Could being born in the summer increase the risk of myopia?

April 3, 2008

An adolescent's season of birth could be a factor in the development of near-sightedness, a recent study suggests.

An adolescent's season of birth could be a factor in the development of near-sightedness, a recent study suggests.

As reported in the April Ophthalmology, 276,911 Israeli-born military recruits ages 16 to 22 had overall mild, moderate, and severe myopia rates of 18.8%, 8.7%, and 2.4%, respectively. Prevalence of moderate and severe myopia was highest among participants born in June and July compared with those born in December and January. No such association was found among those with mild myopia, however.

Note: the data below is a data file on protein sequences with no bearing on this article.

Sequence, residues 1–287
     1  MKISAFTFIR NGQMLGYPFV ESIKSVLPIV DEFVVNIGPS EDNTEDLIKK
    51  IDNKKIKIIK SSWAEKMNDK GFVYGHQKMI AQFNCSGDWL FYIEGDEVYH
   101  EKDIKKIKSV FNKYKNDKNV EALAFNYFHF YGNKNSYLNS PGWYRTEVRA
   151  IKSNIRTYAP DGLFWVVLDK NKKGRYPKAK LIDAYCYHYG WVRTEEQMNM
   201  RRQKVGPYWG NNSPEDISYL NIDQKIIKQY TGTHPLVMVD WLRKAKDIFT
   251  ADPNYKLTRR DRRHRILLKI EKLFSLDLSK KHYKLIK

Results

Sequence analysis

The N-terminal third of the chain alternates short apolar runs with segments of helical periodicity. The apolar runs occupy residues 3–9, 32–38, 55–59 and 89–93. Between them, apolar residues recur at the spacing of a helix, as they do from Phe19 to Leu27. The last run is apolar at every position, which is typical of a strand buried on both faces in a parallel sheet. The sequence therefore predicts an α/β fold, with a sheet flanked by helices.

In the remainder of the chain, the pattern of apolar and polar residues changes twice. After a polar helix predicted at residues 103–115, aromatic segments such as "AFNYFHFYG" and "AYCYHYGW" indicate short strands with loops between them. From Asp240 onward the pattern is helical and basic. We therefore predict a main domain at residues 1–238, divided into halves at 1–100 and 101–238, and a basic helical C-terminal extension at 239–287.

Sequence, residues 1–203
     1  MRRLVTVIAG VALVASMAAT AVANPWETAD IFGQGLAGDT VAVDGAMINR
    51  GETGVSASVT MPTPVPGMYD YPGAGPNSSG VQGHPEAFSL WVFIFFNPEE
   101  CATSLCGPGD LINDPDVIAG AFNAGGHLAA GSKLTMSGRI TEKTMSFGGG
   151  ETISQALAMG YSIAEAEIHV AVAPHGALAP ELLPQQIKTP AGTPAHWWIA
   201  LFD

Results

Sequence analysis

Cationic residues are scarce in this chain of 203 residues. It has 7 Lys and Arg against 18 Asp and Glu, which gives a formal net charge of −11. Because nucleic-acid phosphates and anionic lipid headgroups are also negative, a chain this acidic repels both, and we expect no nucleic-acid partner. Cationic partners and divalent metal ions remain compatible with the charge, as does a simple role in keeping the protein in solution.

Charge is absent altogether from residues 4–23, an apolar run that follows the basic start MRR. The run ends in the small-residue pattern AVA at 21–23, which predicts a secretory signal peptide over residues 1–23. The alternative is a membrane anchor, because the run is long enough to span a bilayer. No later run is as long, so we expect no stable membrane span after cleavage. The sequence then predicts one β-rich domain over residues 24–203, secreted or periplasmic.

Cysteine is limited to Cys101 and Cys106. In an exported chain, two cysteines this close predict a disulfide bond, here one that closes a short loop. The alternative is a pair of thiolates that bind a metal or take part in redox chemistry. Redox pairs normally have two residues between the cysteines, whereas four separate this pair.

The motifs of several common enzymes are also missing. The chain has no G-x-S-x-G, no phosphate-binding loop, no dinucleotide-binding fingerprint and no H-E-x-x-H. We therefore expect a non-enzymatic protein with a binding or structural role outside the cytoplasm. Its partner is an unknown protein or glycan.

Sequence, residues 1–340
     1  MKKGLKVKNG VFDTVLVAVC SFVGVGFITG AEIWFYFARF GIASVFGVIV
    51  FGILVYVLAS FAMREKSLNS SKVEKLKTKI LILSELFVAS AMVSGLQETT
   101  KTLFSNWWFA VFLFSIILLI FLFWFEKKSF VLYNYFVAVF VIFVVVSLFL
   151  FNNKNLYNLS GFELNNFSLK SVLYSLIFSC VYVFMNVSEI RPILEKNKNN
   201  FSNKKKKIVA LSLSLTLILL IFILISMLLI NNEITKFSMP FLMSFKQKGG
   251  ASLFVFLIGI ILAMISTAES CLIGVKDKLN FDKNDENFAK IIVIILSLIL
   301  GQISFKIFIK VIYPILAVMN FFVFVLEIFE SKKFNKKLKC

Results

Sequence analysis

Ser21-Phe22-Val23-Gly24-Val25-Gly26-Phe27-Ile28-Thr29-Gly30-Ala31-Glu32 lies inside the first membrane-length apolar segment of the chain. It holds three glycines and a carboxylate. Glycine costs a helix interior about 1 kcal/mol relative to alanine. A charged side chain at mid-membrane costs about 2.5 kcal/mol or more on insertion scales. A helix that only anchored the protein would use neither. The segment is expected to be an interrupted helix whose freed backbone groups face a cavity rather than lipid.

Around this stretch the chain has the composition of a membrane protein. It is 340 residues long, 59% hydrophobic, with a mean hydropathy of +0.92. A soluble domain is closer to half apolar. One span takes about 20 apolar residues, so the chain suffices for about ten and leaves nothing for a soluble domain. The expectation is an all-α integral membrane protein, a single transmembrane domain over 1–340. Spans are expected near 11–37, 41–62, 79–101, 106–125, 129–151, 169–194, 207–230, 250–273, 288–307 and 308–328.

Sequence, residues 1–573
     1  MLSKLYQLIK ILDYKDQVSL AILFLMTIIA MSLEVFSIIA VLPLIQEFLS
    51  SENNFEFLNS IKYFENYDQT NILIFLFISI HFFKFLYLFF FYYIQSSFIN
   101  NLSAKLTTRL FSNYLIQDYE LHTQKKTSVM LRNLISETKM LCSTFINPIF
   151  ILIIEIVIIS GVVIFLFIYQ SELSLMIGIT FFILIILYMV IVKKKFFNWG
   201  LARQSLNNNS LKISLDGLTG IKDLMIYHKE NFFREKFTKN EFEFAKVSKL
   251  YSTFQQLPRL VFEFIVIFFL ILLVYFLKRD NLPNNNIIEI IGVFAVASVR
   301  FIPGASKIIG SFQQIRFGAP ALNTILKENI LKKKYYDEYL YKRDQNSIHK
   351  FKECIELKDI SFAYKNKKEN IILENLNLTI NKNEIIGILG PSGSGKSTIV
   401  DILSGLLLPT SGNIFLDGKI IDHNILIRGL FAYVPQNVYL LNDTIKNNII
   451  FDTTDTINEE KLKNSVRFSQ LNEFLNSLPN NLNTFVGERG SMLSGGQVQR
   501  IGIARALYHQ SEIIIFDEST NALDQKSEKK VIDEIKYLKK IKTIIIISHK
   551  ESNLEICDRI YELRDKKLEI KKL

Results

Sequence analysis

The mechanism linking myopia and summer birth in the study cohort is not known, the researchers concluded. They suggested that light exposure during the early perinatal period might play a role.